3 PEREIRA, Uma filosofia "buissonnieuse", ou de como o narrador desce as escadas: Como ler a questão da "filosofia de Machado de Assis" na contemporaneidade, p. 87-116.

4 JÚNIOR, Ideias e sandices do Ignaro Rubião.

5 In the chapter of A Master on the Periphery of Capitalism entitled "The Rich on their Own," Schwarz discusses Machado's reaction to these discourses in his prose and fiction writing. Schwarz writes: "we can say that Machado was setting against the vulgar materialism of some of the 'advanced' thinking of his time, tailor-made for Brazilian racial dilemmas and the vastness of the tropics" (SCHWARZ, cit., p. 87).

6 NUNES, Machado de Assis e a filosofia.

7 BAPTISTA, Autobibliografias. Solicitação do livro na ficção e na ficção de Machado de Assis; A formação do nome. Duas interrogações sobre Machado de Assis; A reforma hermenêutica. Acerca da legibilidade de Dom Casmurro, p. 547-566; A emenda de Séneca. Machado de Assis e a forma do conto, p. 281-295.

8 Schwarz is critical of studies that have not picked up on the irony of Machado's philosophical references, including Miguel Reale's A filosofia de Machado de Assis, on which Schwarz writes, "it is no accident that, even recently, a reputable specialist should have published a book about Machado de Assis and philosophy, in which, at the end, the meditative sallies of the author-character are part of an anthology of serious thoughts, when all that would be necessary would be to extend the quotations by one or two sentences to see the evidence of their self-regarding, mocking, or crazed dimension" (SCHWARZ, cit., p. 116).

9 Idem, p. 140.

10 Ibidem.

11 Idem, p. 140-141.

12 Idem, p. 141.

13 Idem, p. 136.

14 Idem, p. 134-135.

15 FRANÇOIS, Open Secrets, p. 49-50.

16 SCHWARZ, cit., p. 42.

17 Idem, p. 31. I prefer not to use Gledson's translation of "volubilidade" as "volubility," which he himself recognized is problematic. In his translator's note he explains that the English cognate is understood as "talkative," which "is not the sense meant here, which is 'changeable'" (Idem, p. xxxvi).

18 BROOKS, Reading for the Plot, p. xi.

19 Idem, p. xii.

20 Idem, p. 4.

21THE AMERICAN Heritage Dictionary, p. 11-12.

22 BROOKS, cit., p. 12.

23 I take this definition of narrative ontology, specifically suitable to a study of narrative in fiction, from Alexander Gelley's chapter "The Pragmatics of Exemplary Narrative", included in his Unruly Examples: On the Rhetoric of Exemplarity, p. 142-162.

24 See Brooks’s useful reference to the distinction proposed by the Russian Formalists between fabula and sjužet. In broad terms, the fabula – "what really happened" – is a mental "construction" that the reader derives from the sjužet, which is all that he ever directly "knows" by what is "referred" to by "the narrative" (BROOKS, cit., p. 12-14).

25 SCHWARZ, cit., p. 36.

26 Idem, p. 116.

27 Idem, p. 16.

28 Idem, p. 31.

29 Idem, p. 35.

30 Idem, p. 7.

31 Ibidem.

32 Idem, p. 122.

33 Idem, p. 18.

34 Idem, p. 54.

35 Ibidem, italics mine.

36 BAPTISTA, In-12 Versus In-Folio, p. 173-189; first published as a chapter in Autobibliografias: solicitação do livro na ficção de Machado de Assis.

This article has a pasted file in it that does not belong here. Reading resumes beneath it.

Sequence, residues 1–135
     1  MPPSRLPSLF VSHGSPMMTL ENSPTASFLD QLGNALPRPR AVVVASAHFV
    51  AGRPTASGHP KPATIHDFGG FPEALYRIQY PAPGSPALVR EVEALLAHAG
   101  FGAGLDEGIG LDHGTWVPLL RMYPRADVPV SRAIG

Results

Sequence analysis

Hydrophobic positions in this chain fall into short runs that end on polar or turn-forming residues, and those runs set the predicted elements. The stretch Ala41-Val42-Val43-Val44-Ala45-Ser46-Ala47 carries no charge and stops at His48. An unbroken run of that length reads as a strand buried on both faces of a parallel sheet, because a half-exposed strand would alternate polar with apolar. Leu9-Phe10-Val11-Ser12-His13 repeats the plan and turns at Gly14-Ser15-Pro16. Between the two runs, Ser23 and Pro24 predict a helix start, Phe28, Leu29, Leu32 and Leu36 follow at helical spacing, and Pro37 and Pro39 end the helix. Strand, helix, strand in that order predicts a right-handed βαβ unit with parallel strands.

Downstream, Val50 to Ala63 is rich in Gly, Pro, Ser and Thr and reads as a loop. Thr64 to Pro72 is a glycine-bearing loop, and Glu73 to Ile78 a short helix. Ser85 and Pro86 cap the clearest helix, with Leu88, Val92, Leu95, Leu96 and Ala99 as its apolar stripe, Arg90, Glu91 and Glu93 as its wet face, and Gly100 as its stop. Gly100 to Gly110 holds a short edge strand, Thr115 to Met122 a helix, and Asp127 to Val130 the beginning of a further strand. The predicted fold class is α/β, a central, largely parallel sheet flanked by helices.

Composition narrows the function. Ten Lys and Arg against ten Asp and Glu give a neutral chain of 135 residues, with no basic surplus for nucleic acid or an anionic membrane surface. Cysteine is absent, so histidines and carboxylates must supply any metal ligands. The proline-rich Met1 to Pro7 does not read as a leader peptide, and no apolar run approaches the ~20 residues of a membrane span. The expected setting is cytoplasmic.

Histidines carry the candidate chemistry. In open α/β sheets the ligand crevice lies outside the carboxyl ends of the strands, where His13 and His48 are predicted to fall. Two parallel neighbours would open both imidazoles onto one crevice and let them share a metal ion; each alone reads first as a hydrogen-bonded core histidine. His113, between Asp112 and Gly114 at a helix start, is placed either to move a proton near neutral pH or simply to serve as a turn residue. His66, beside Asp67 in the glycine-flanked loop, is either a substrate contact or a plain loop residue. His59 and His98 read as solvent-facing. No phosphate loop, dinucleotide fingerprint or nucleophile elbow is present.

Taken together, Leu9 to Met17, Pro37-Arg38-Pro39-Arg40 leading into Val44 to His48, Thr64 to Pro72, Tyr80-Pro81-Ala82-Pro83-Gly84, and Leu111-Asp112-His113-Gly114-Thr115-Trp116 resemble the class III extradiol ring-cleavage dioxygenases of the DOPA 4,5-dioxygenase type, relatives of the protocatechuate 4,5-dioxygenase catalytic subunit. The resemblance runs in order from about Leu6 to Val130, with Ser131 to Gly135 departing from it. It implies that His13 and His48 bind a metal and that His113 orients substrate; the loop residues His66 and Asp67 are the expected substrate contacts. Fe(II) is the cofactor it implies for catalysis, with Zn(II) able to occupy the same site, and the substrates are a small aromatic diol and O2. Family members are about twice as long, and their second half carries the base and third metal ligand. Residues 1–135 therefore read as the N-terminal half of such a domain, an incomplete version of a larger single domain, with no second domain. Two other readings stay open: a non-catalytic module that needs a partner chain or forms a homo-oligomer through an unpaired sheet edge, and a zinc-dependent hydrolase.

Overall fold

37 See GENETTE. The Work of Art: Immanence and Transcendence, p. 19-22; first published by Paris, Seuil, 1994, p. 26-30.

38 ASSIS, Epitaph of a Small Winner, p. 69.

39 BAPTISTA, In-12 Versus In-Folio, p. 173.

40 Idem, p. 178.

41 My translation. ASSIS, Memórias póstumas de Brás Cubas, p. 224.

42 BAPTISTA, In-12 Versus In-Folio, p. 178.

43 Idem, p. 181.

44 Idem, p. 182-183.

45 Idem, p. 185.

46 For a broad-ranging discussion of the ideology of hyper-materialism and aesthetics see TAFURI, Architecture and Utopia: Design and Capitalist Development.

47 JACKSON, Machado de Assis: A Literary Life, p. 225.

48 MORETTI, The Way of the World: The Bildungsroman in European Culture.

49 FRANK, Reading Rio de Janeiro: Literature and Society in the Nineteenth Century, p. 2.

50 Idem, p. 3.

51SCHWARZ, cit., p. 68.

52Idem, p. 124.

53Idem, p. 123-124.

54Idem, p. 124.

55 Idem, p. 88.

56 Ibidem.

57 It is worth considering two possible ways of translating "disillusionment" in Portuguese: desilusão or decepção. The second of the two options captures well Schwarz's sense that Brás Cubas's alternative protagonism is on the one hand an aesthetic 'disappointment' and, on the other, a 'deception' of the reader into believing that Brás is more than a proxy for his class.

58 On Lukács's and the inaccessibility of outside worlds, see the memorable opening of the preface to his Theory of the Novel, p. 11-29.

59 LUKÁCS, Theory of the Novel, p. 117.

60 Idem, p. 113.

61Idem, p. 123.

62Idem, p. 126.

63 Idem, p. 124.

64 Idem, p. 125.

65 As Paul de Man has argued, "on the level of true temporal experience, the ironic discontinuities vanish and the treatment of time itself, in Flaubert, is no longer ironic". MAN, Blindness and Insight: Essays in the Rhetoric of Contemporary Criticism, p. 58.

66 LUKÁCS, cit., p. 125.

67 SCHWARZ, cit., p. 135, italics mine.

68 Idem, p. 135.

69 Idem, p. 136.

70Idem, p. 135.

71 ASSIS, Epitaph of a Small Winner, p. 118.

72 Idem, p. 119.

73 ASSIS, Psychiatrist and Other Stories, p. 56.

74 Idem, p. 57.

75Idem, p. 59.

76 Idem, p. 60.

77 Ibidem.

78Idem, p. 64.

79 Idem, p. 62.

80 Idem, p. 63.

81Idem, p. 62.

82Of the many features that Woody Allen's film Deconstruction Harry and Machado’s "The Looking Glass" have in common, the most evident is that of the male character Mel's out-of-focus mirrored reflection. In Allen's film, Harry Block's psychoanalyst interprets his patient's fictional double Mel's "soft" mirrored image as a reflection of Harry's demand that the world "adjust to the distortion" and honor him (Deconstructing Harry, Dir. Woody Allen, 1997). In an interview with The Guardian, Allen listed Brás Cubas as one of his top five favorite books. ALLEN, Woody Allen's Top Five Books.

83 ASSIS, Epitaph of a Small Winner, p. 24.

Received: September 30, 2016; Accepted: April 19, 2017

NATHANIEL WOLFSON é College Fellow em Literatura Brasileira na Harvard University. Anteriormente estudou em Princeton e Brown. Publicou artigos em diversas revistas, como Circuladô e Flash Art. Está escrevendo um livro sobre diálogos entre as vanguardas brasileiras e alemãs nas décadas de 1950 e 1960 e sobre a produção cultural e crítica desses anos, incluindo as obras de João Cabral de Melo Neto, Haroldo de Campos, Max Bense, Mira Schendel e Vilém Flusser, entre outos autores e artistas. E-mail: